A new study revealed that almost nine in 10 retired Australians are considering re-entering the workforce, but 'ageism' is becoming more prevalent.
A new study by Australian Seniors revealed that despite many older Australians wanting to stay active in the workforce, ageism is an ongoing barrier many people face.
In its survey of more than 5,000 Australians over 50, one in five (20.7%) said they experienced age discrimination while at work - twice as high as reports from 2016 (9.6%).
Additionally, most (93.2%) feel older employees are 'undervalued', and almost all (97.7%) believe it's harder to find work the older they become.
More than two thirds (69.2%) of respondents either know or believe they were turned down due to their age - up nearly a third from results in 2016 (47.1%).
How COVID-19 impacted older Australians looking for work
Almost one in five (18.6%) respondents said they are reconsidering their retirement plans due to COVID-19.
A majority (85.6%) of people think staying in the workforce is positive; 63.9% haven't changed their attitudes due to COVID-19; and half (52.6%) believe the pandemic made finding a job much harder.
More than 45% of respondents have attempted to re-enter the workforce after leaving for some time or making a career change after 50 years old.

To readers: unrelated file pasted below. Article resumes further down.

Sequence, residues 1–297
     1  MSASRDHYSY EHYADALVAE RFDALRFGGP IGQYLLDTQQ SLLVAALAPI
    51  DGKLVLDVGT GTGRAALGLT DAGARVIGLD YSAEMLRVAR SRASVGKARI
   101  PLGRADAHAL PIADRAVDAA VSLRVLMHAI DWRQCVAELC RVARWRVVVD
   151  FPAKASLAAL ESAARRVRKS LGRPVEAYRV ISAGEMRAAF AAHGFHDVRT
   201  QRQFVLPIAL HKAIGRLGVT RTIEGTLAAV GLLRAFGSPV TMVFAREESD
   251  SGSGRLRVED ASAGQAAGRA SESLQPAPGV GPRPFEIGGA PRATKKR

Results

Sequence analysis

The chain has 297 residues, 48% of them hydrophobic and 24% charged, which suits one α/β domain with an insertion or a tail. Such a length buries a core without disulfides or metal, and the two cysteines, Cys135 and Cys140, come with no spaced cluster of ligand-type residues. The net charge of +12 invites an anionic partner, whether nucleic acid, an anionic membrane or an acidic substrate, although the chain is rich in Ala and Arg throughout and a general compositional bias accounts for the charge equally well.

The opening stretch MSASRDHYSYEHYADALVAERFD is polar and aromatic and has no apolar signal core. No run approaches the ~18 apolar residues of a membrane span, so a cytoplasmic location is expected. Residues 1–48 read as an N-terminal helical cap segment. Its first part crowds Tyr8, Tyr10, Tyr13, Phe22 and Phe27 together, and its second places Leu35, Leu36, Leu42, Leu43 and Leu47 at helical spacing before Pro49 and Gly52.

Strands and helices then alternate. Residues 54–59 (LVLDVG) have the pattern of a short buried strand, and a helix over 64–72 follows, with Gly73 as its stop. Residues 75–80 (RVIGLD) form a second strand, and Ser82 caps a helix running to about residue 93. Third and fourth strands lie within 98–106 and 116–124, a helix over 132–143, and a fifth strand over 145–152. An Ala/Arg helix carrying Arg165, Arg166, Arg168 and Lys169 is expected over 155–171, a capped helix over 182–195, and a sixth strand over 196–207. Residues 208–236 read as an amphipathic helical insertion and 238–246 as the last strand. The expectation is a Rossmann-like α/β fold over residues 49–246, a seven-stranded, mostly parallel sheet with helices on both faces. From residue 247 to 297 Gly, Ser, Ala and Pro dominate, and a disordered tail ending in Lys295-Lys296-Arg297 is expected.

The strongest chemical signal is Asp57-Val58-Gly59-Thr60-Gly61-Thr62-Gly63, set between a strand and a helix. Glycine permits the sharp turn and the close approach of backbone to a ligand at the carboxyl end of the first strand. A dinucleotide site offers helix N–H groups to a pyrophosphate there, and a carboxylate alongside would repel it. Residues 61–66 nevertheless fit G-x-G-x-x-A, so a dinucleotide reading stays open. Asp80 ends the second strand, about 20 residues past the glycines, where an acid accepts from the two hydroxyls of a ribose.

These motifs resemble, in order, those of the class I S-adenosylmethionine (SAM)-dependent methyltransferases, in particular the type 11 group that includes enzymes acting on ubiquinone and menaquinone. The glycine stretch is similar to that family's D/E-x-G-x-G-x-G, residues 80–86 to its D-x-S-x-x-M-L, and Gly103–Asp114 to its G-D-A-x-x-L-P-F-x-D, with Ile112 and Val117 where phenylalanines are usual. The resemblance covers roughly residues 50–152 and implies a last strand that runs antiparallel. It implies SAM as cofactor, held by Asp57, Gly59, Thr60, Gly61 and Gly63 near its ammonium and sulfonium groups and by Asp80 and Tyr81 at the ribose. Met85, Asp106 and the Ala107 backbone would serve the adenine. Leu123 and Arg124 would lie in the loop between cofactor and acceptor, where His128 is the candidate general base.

Of those planning to re-enter the workforce, many (78.2%) lack confidence with their prospects, and even more (84.5%) see barriers to achieve their goals.
Australian Seniors says there is a strong opportunity for employers to hire over-50s due to the implications of COVID-19.
Humphrey Armstrong, organisational psychologist at Lifelong Learning Systems, said there are advantages to dipping into the over 50s talent pool.
"The increasing need to find talented, experienced staff presents a great opportunity for organisations to consider retaining and hiring older people," Mr Armstrong said.
"The shift to flexible and remote working arrangements, which are especially attractive for many older women who are keen to secure flexible part-time jobs, means new employment opportunities are now emerging, due in part to the on-going COVID-19 pandemic."
Amanda Mackean, Founder and Director of Seeking Seniors, said that the economy won't get out of its 'ravaged' state unless employers hire people over 50 years old.
"I'm hopeful that a wider understanding of the positive contributions over-50s bring to the workforce, will help thousands of seniors facing ageism," Ms Mackean said.
Looking to the future - What's next for senior workers?
Australian Seniors said there is a growing need for the Australian Government to get more involved in helping the ageing workforce.
Almost two thirds (62.1%) of respondents said the government doesn't do enough to employ the older demographic.
The majority (94%) said the government should provide more tangible support for seniors working later in life.
Despite this, 74.9% of respondents said they are currently undertaking or planning to take more control of their careers now and into the future.
Almost three-fifths (58.7%) plan to reskill or seek further career and job training, and over half (51.2%) of this subset are doing so in a new area or field.
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